George M! A prom night itís not, but a musical tribute history lesson, yes.

Published: Sunday, July 1, 2012 11:00 am By: Eugene Paul Source:
He was going to make them rich. And famous. He was going to put the Cohans on top of the world the only way he knew how: using his brains, his talents, his stick-to-it-iveness in the life he was born into. He would do anything to succeed, he charmed, he bullied, he lied, he pushed, pushed, pushed, never stopping working.You see a lot of that in the Westchester Broadway Theatre production of the Broadway hit show written by Michael Stewart, and John and Francine Pascal and it registers with many of the audience who know who George M. Cohan was. And is. Thereís a statue of him in the middle of Broadway in the Theater District. Not of anybody else in show business. John Scherer as
George is solid but uncomfortably aware that he is no George M. Cohan, super superstar. We feel his discomfort, grateful for the times he gets carried away and enjoys himself.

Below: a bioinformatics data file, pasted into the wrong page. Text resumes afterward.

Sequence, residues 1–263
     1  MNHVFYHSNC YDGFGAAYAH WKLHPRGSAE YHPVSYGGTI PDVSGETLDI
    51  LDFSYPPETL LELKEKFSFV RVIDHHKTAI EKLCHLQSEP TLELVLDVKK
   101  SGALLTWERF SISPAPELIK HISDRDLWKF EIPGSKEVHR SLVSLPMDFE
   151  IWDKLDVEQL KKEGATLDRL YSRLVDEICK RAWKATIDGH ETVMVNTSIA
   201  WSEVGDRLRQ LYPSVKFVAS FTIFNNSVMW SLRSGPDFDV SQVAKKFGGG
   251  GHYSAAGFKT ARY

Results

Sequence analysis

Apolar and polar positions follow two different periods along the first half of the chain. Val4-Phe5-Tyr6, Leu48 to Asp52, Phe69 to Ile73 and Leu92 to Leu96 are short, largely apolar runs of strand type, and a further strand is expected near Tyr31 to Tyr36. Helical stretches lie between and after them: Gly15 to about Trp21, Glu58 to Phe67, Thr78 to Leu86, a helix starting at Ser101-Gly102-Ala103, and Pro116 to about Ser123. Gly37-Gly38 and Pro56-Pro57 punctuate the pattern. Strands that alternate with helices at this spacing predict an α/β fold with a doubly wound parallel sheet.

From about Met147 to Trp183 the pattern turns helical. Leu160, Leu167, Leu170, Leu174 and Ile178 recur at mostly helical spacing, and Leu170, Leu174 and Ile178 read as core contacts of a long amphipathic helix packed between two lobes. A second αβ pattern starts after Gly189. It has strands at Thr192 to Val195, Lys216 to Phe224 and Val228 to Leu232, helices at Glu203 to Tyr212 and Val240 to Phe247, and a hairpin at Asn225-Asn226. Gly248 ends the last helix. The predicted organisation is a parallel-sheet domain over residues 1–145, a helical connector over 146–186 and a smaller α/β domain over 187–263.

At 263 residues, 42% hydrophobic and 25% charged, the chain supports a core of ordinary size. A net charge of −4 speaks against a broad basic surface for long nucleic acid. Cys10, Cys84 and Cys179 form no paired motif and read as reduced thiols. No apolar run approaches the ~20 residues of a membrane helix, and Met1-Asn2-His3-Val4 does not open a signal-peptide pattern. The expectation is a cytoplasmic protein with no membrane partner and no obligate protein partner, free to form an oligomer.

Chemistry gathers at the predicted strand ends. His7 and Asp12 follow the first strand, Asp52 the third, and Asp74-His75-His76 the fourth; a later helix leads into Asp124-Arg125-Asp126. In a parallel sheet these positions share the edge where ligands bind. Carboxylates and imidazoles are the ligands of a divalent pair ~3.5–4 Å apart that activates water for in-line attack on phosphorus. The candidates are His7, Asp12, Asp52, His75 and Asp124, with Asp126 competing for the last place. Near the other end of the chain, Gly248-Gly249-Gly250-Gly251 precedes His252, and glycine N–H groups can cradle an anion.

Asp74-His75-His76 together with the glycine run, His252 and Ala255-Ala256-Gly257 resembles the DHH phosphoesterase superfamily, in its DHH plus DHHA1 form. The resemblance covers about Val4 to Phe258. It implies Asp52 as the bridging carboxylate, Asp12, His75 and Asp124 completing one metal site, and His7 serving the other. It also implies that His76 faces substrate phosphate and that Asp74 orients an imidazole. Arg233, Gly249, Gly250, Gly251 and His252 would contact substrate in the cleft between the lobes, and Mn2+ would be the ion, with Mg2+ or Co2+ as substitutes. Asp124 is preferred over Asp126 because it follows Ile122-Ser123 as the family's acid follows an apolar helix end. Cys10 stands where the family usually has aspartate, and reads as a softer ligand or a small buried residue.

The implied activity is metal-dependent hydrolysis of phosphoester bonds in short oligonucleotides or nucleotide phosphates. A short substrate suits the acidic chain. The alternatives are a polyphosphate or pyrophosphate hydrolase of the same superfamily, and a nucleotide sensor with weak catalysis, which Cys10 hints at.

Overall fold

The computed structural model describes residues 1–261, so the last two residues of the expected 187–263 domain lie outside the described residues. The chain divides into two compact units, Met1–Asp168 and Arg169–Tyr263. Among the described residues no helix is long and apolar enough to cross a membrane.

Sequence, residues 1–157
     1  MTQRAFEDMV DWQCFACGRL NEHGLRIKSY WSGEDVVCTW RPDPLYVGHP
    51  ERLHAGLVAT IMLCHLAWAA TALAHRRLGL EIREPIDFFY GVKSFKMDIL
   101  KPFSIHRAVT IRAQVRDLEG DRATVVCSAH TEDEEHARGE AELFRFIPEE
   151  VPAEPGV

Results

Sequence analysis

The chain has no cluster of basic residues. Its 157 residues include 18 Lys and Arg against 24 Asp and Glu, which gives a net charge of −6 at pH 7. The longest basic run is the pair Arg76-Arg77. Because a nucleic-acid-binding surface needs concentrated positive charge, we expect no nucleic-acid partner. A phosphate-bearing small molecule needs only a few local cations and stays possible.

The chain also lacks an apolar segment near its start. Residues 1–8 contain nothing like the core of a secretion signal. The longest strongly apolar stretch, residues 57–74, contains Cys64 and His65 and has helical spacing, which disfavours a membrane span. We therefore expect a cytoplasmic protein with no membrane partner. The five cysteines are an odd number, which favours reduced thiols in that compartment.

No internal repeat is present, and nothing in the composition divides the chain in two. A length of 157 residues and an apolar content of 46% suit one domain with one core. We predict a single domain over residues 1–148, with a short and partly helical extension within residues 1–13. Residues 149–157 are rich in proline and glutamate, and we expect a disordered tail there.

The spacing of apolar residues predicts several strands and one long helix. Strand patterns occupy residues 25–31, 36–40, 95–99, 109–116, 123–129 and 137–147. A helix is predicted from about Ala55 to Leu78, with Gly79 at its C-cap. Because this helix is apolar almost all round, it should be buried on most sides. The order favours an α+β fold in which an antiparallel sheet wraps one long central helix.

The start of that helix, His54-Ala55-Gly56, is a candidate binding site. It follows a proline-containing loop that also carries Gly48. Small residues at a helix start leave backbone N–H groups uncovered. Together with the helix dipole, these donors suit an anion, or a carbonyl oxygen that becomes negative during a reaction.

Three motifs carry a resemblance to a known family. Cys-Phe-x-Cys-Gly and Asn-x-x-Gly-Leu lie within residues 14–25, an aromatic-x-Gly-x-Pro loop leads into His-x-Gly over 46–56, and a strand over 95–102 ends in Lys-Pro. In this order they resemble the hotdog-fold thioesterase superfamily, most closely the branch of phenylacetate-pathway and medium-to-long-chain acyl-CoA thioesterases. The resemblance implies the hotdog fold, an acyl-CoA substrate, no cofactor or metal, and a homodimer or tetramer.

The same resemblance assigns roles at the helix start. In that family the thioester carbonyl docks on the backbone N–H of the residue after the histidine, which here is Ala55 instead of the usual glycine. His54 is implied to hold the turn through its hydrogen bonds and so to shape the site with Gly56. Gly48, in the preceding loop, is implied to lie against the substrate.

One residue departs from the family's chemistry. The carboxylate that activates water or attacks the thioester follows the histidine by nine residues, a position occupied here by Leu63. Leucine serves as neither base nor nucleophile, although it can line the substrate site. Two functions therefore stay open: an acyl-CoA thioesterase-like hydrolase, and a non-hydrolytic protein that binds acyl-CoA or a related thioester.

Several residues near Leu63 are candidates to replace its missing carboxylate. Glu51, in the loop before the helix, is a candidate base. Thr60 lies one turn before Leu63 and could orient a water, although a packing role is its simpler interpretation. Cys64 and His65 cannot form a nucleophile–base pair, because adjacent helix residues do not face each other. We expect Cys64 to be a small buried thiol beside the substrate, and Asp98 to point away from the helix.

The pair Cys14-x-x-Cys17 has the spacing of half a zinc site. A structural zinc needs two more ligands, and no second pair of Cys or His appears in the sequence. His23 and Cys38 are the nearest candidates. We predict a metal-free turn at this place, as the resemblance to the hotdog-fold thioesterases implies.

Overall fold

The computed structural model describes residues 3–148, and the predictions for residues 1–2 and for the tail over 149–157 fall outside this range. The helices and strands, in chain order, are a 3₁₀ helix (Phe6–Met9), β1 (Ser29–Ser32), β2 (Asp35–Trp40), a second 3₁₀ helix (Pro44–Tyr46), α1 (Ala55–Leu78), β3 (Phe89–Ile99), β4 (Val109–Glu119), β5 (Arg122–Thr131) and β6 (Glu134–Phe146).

The rest of the cast is so busy changing costumes and keeping smiles and wigs in place we never quite get to know them, with the exception of
Jim Walton as Jeremiah, the patriarch of the Cohans. His quiet charm charms. Director Richard Stafford takes his period choreography seriously, leaving aside the impulse to invent perky little quirks whereas such inventions would be welcomed, Leo Carusoneís musical direction stays brisk, necessarily so, and John Farrellís main set piece, a vaudeville theater proscenium, acts harmoniously throughout the show. All kinds of credit must flow to the backstage crew who help the large, talented, hard-working cast change clothes so often and so swiftly for George M! A prom night itís not, but a musical tribute history lesson, yes.